Seeing a better future for mammography


We’ve come a long way in breast cancer diagnosis. Rates of mammography screenings have increased by nearly 40% since 1987 and over 80% of women over 50 in the United States are now screened regularly for breast cancer. However, with an aging population it’s evident that radiologists, as well as healthcare systems, will need to find more efficient ways of screening an ever-increasing number of women.

What part can technology play?

According to UK medical journal The Lancet, 93% of mammograms requiring additional investigation showed false positives. Not only does this cause undue anxiety and stress for the women involved, it also results in unnecessary call backs and additional screening – all of which increases the burden on healthcare providers.

Decreasing this burden means increasing efficiency – and this can be achieved through confident and accurate diagnoses, earlier and more often. How can we achieve better diagnosis? By working with more advanced visualizations that will reveal the tiniest of lesions. Dr Laszlo Tabar, Course Director of Mammography Education and leading expert in mammography, says “The early phase of breast cancer sometimes – many times – doesn’t show a very characteristic, stellate appearance. There will be very subtle changes, tiny calcifications, architectural distortions, and we must be able to find them." 

Achieving the desired image quality comes down to several key factors, including increased spatial resolution, contrast and brightness, all ultimately leading to radiologists making more confident first-time diagnoses. 

Towards a solution
Improving mammography demands a multi-faceted approach – technology must be enhanced to support more accurate screening and improve the training and experience of radiologists. And let’s not forget that mammography is not the only tool used to detect breast cancer. Mammography radiologists also frequently use breast MRI, a tool known for its impressive ability to detect small tumors in their earliest stages, as well as breast ultrasound scans, often used on denser breast tissue or to check abnormal mammograms, due to their ability to pick up more detailed information. With all these screening options, it is more important than ever to ensure the highest image quality of our screens, as well as improve comfort and ease for radiologists and their ever increasing workloads.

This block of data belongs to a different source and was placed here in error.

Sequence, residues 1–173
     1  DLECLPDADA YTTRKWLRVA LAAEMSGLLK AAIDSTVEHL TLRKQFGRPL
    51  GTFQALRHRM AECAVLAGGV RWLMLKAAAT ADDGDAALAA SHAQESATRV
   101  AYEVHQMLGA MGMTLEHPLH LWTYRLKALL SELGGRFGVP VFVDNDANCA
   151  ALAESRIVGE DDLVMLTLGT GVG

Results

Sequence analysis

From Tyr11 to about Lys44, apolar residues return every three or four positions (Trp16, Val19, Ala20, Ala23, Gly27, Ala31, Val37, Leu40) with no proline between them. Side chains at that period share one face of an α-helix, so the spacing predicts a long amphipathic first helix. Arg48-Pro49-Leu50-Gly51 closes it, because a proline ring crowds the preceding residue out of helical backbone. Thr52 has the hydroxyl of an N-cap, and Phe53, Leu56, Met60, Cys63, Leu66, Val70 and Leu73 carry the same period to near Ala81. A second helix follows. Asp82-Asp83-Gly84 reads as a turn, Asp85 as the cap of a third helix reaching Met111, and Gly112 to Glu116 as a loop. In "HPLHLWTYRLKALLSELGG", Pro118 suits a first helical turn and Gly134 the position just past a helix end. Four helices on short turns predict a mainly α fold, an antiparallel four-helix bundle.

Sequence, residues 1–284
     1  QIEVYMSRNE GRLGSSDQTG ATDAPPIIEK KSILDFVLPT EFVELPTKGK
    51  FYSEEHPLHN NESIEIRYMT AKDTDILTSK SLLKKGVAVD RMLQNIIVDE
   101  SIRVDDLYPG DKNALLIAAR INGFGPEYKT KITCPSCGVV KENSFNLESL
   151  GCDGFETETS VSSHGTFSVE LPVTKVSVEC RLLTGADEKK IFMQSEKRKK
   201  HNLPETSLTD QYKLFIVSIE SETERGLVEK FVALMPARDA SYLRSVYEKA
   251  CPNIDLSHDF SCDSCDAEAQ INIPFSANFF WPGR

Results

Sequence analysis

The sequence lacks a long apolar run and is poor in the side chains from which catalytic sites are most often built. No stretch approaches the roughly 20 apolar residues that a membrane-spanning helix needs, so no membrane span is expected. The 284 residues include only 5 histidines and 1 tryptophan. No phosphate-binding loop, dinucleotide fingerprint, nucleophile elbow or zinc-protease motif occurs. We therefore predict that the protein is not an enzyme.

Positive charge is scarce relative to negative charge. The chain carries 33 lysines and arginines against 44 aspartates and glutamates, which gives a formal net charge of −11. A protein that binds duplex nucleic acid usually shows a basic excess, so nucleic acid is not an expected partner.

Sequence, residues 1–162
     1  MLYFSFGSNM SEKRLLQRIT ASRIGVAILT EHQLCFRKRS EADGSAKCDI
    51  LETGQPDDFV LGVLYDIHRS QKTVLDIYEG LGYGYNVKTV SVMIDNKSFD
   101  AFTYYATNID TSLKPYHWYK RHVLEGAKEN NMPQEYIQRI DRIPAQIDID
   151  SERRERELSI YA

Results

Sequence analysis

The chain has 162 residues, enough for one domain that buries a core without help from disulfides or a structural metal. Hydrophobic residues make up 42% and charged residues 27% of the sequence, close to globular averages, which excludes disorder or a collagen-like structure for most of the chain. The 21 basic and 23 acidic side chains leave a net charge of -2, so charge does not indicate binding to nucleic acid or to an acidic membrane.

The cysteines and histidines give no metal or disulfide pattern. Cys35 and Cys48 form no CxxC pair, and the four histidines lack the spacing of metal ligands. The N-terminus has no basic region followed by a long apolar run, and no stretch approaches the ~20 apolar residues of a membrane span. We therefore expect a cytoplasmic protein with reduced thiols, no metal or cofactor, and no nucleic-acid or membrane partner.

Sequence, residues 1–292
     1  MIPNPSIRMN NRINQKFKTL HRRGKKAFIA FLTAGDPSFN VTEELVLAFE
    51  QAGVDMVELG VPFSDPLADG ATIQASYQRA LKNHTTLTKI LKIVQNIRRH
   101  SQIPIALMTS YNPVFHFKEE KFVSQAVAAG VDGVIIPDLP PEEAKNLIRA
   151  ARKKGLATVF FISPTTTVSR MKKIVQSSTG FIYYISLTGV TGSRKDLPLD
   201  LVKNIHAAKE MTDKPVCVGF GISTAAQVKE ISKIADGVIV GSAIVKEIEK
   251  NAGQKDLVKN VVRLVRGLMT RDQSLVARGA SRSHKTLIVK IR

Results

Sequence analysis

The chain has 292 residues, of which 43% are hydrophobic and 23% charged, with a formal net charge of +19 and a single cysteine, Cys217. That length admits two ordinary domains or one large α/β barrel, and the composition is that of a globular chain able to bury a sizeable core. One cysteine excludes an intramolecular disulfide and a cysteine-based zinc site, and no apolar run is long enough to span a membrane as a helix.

Introducing Coronis Uniti™ 
Coronis UnitiTM, launched by Barco on the 16th of October, offers enhanced image viewing, featuring both grayscale and color breast images on one screen, in order to maximize workflow and reduce disruption. It also boasts higher resolution and a larger screen surface to match the natural field of vision, with higher brightness and contrast making it easier to spot lesions in breast tissue. The display promises to eliminate discomfort with ambient lighting and a multi-touch track pad for faster control.

Learn more about Coronis UnitiTM